Stop making excuses.

How many examples have we seen of men who use violence against their wives? How many examples have we seen of men who speak to their wives with disrespect? How many examples have we seen of men who refuse to pay child support, or who refuse to spend time with their children? Shame on you. Yes I am angry. I am so sick of seeing men behave like children.

Have you ever treated your wife or girlfriend with disrespect, or in a manner less than the example shown in the passage above? If so, it is time to make it right. Apologize to her. If you are already divorced and have children, make sure you pay the child support. Make sure you are a part of your child’s life.

Hey here is a wild idea.

How about you get right with God, apologize to Him, and mend that covenant you broke without His permission? If that is not possible, then maybe you ask for forgiveness, both from God, and your ex, and you work on making sure it never happens again.

When you stand in front of God the day you die, and you have to explain to Him why your child went without a father, or the resources you chose to spend else where, what will you say? When you have to explain why you laid a hand on the one you were supposed to love like you love God, what will you say? When you have to explain why you made a covenant with Him and broke it to pursue another woman, what will you say?

This won’t sit well with men who want to make excuses for their behavior.

I don’t care.

Are You Doubting, Thomas?

“Now Thomas, called the Twin, one of the twelve, was not with them when Jesus came. The other disciples therefore said to him, “We have seen the Lord.” So he said to them, “Unless I see in His hands the print of the nails, and put my finger into the print of the nails, and put my hand into His side, I will not believe.”
–John 20:24-25

Are you a doubting Thomas? It is amazing how many phrases and stories we use in society today that come from the Bible. I have heard this phrase many times, and for much of my life, I had no idea where it came from. It was just something you heard people say.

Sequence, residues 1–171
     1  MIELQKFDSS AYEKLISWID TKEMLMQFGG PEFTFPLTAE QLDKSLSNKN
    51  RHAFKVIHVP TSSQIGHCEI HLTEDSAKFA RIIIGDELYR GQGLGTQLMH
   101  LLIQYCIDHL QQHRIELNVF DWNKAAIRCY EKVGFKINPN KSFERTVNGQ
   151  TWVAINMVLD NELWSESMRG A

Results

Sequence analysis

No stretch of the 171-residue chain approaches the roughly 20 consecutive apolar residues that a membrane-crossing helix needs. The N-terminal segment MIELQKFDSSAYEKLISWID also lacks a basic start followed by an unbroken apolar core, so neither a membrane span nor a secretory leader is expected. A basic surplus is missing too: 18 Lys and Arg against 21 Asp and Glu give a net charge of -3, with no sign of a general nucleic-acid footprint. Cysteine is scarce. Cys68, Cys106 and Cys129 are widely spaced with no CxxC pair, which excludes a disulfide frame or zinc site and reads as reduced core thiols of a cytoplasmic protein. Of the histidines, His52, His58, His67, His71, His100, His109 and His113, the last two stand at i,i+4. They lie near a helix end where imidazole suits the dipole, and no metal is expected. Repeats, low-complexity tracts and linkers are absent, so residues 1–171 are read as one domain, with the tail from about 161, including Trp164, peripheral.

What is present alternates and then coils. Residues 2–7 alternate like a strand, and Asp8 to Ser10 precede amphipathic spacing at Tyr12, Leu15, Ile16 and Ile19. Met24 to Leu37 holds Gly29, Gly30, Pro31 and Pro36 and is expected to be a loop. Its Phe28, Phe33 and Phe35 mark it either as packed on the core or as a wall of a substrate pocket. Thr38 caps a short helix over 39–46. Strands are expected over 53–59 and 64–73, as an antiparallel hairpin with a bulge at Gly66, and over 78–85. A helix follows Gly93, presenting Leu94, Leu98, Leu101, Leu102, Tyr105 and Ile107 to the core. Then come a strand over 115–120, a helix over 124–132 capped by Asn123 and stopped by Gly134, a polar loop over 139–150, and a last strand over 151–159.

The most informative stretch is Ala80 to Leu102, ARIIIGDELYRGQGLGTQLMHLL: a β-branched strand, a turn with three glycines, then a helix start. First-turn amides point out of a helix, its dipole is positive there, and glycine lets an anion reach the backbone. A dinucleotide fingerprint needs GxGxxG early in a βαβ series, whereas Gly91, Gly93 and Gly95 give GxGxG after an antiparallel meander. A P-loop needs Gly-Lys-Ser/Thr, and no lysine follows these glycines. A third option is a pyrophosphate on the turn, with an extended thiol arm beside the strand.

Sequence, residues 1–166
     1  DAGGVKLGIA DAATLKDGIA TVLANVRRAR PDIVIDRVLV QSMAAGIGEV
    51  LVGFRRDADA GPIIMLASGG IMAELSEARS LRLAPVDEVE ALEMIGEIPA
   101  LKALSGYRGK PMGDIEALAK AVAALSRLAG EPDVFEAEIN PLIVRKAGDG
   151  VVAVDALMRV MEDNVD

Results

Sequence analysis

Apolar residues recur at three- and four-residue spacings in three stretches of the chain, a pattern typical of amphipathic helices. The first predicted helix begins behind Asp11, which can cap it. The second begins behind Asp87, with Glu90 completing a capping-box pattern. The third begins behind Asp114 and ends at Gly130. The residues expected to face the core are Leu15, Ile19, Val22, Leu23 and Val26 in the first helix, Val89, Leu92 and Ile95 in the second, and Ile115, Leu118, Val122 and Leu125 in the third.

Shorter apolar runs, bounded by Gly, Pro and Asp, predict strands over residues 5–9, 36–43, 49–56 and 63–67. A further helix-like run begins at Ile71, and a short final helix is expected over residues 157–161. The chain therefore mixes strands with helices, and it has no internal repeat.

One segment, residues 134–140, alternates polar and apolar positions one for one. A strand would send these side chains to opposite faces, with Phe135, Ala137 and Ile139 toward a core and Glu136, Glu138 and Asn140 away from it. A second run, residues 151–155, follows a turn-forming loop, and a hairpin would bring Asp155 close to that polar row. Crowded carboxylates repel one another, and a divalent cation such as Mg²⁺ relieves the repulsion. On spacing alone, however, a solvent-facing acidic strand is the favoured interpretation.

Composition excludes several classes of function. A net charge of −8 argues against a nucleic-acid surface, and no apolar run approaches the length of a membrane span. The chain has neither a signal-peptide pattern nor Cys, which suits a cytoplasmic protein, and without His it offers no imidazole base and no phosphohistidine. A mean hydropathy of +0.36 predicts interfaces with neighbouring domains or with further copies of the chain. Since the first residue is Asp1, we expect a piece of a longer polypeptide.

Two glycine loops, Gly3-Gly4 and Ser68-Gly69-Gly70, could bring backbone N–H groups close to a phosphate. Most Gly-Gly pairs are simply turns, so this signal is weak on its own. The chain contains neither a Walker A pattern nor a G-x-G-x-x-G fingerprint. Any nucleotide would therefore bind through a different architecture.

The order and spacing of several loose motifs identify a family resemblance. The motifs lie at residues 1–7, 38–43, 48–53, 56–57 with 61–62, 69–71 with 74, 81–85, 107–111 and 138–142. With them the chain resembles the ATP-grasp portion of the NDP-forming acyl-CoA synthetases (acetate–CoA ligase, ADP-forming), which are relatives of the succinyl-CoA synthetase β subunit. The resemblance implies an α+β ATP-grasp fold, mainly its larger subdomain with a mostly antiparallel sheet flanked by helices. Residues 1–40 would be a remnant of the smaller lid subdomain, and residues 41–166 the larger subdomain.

So what does it mean to be a doubting Thomas? Well, in society today it is used whenever you someone does not believe or join in with the group. In most cases it is used in a secular way. It may be a new idea at work, or a concept you are trying to explain to a friend. Most of the time, it does not have spiritual connotations. But that is what we will now discuss.

Have events in your life caused you to doubt your faith? Life can be difficult. It is quite understandable. I can tell you I have. I can remember some specific times in my life that my faith was questioned, and in those times, those thoughts crept into my head.

Maybe God isn’t listening.

Maybe He is not hearing my prayers.

Maybe I am really alone.

That is exactly what happened to Thomas. His Messiah was gone, or so he thought. They had just crucified Him, and the apostles were in hiding. Yes Jesus had told him he would return, but Thomas’ faith was weak. Mind you, we are not talking about a distant acquaintance. Thomas had followed Jesus, saw His miracles, heard His teachings. Yet still he doubted. If someone so close to Jesus could falter, isn’t it understandable when we do the same after encountering trials and tribulations?

“And after eight days His disciples were again inside, and Thomas with them. Jesus came, the doors being shut, and stood in the midst, and said, “Peace to you!” Then He said to Thomas, “Reach your finger here, and look at My hands; and reach your hand here, and put it into My side. Do not be unbelieving, but believing.” And Thomas answered and said to Him, “My Lord and my God!” Jesus said to him, “Thomas, because you have seen Me, you have believed. Blessed are those who have not seen and yet have believed.”
–John 20:26-29

What a beautiful passage, and how much it shows us. Jesus knew that we would appear to Thomas, and He also knew that He would not be on Earth for us. He would dwell inside us, but would not be here in flesh. He needed a way to explain what He expected of us. Thomas did not believe until He saw Jesus in the flesh, even when His fellow apostles told Him they saw Jesus. But our savior needs us to believe, even if we cannot see Him in flesh. Like the father who grabs your hand before crossing the street, He is grabbing our hearts, and telling us to trust him.